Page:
JOHN BAVOSI / SCIENCE PHOTO LIBRARY JOHN BAVOSI / SCIENCE PHOTO LIBRARY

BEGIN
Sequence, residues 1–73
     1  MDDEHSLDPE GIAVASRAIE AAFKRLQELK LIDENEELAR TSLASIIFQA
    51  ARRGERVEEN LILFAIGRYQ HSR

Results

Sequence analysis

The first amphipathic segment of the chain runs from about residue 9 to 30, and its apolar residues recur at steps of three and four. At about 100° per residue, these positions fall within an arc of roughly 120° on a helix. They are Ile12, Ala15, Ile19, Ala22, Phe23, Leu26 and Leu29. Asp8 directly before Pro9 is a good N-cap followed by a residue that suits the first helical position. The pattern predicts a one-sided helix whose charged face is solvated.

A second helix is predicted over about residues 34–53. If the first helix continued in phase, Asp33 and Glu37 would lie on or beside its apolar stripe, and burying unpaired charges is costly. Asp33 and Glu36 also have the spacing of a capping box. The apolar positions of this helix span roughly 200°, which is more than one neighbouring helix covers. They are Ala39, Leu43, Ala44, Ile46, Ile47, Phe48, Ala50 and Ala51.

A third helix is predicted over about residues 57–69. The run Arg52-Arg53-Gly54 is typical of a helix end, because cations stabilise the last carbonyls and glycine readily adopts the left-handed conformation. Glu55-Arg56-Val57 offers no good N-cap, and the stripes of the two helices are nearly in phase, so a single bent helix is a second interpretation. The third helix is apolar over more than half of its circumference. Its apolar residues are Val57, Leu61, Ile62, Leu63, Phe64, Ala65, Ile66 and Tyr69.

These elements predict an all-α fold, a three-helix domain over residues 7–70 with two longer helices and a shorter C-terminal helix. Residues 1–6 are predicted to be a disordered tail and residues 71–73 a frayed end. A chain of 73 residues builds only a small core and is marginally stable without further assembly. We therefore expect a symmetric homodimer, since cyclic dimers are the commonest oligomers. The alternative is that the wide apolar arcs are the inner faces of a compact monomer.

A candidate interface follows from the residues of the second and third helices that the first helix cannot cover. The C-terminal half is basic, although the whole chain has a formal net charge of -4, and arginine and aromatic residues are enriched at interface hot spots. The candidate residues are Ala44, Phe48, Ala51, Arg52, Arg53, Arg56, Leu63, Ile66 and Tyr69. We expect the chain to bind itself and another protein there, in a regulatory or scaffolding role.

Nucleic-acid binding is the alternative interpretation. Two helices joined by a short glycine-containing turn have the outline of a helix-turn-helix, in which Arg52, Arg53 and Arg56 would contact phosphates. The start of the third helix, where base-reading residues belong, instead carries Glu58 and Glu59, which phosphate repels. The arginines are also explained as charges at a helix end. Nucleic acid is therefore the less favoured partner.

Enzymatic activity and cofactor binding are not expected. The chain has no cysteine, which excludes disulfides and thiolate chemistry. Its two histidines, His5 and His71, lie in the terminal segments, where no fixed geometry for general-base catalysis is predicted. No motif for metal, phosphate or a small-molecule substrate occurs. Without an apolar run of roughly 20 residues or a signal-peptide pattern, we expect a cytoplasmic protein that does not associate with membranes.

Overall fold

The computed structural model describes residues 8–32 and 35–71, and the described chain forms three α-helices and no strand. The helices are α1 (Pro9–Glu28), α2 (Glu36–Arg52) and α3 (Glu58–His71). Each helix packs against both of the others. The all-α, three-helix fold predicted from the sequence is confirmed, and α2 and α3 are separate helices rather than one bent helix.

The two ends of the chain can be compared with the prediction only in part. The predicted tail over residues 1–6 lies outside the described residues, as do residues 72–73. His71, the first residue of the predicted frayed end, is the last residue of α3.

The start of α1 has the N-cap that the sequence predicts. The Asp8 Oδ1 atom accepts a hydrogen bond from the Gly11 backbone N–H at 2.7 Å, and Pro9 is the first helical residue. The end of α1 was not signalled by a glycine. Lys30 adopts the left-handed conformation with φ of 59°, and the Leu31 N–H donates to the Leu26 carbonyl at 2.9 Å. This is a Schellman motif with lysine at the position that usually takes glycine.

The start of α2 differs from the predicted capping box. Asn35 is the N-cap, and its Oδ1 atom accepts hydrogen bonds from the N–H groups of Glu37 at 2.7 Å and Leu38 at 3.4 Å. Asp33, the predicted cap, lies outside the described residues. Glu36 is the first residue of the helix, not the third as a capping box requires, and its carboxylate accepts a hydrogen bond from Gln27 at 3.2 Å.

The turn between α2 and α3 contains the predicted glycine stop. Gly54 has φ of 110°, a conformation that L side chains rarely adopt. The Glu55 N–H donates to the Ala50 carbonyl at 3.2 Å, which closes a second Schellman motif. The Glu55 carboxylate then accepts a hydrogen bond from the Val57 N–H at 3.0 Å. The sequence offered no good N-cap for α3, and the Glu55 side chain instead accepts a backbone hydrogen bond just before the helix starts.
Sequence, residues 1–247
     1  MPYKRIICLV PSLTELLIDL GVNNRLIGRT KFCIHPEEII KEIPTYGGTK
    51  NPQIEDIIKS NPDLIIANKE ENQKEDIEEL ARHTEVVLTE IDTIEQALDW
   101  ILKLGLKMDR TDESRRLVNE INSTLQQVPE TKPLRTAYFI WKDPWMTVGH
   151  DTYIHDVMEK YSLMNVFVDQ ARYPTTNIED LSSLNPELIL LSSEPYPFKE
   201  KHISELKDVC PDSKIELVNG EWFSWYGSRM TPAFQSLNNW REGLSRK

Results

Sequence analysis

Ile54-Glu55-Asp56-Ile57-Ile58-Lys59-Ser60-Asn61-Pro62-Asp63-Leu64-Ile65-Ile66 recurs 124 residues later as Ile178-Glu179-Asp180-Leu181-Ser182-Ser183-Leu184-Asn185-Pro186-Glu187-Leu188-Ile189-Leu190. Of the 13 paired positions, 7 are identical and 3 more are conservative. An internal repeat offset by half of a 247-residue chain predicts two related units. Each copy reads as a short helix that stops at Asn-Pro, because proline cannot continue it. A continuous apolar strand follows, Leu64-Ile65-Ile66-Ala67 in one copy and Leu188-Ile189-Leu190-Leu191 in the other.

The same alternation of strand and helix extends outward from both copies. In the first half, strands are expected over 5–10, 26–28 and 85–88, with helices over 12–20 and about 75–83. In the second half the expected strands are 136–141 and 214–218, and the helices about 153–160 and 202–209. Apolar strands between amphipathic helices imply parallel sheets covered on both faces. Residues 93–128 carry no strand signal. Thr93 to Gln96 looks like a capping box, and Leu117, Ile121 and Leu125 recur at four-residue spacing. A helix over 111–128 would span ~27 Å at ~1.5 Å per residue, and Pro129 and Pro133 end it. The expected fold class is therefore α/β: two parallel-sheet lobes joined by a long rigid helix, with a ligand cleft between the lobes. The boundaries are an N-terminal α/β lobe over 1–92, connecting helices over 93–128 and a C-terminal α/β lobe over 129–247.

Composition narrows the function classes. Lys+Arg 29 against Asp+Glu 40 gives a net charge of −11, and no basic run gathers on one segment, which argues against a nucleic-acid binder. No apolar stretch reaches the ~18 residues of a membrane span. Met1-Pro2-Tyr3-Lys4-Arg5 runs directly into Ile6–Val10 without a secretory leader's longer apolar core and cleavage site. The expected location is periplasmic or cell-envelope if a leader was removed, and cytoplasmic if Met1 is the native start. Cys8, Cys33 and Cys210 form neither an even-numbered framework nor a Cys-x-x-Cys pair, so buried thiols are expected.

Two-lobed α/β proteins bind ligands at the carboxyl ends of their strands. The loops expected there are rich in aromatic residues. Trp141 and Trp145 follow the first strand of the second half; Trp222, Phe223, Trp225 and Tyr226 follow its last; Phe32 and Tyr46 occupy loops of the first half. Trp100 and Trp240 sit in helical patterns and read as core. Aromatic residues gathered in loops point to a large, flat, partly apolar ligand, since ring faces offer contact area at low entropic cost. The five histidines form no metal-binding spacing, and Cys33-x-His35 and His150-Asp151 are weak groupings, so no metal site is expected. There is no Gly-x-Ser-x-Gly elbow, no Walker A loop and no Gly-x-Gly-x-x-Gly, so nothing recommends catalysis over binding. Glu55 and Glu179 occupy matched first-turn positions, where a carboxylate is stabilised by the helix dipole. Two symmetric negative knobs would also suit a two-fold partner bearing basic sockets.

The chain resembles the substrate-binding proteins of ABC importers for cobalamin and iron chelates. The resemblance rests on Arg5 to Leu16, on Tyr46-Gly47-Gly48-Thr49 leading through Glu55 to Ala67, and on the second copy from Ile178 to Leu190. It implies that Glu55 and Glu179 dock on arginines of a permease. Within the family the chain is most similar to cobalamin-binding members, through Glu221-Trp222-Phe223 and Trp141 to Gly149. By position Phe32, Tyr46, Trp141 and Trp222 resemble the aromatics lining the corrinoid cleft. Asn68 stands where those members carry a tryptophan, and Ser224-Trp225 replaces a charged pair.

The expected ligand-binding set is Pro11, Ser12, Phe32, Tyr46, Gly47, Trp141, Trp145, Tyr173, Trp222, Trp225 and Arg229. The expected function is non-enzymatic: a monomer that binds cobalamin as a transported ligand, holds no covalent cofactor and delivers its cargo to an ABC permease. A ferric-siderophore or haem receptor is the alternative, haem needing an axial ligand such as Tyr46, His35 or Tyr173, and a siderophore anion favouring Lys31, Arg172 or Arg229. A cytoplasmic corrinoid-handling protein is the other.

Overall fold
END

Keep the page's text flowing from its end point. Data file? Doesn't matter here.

Action of sleeping drugs. Artwork of the face of a sleeping woman cut away to show a magnified image of sleeping drugs acting on nerve cells (neurones, upper left & right) in her brain. Two neurones meet at a gap called a synapse (centre). Sleeping drugs like benzodiazepines (yellow & green spheres) mimic the action of the neurotransmitter GABA (gamma-aminobutyric acid, red spheres). When GABA is released by a nerve cell it crosses the synapse and binds with receptors on the other nerve cell (not seen), resulting in the opening of chloride channels. Chloride ions then pass through, making the receptor nerve cell less excitable and aiding sleep.
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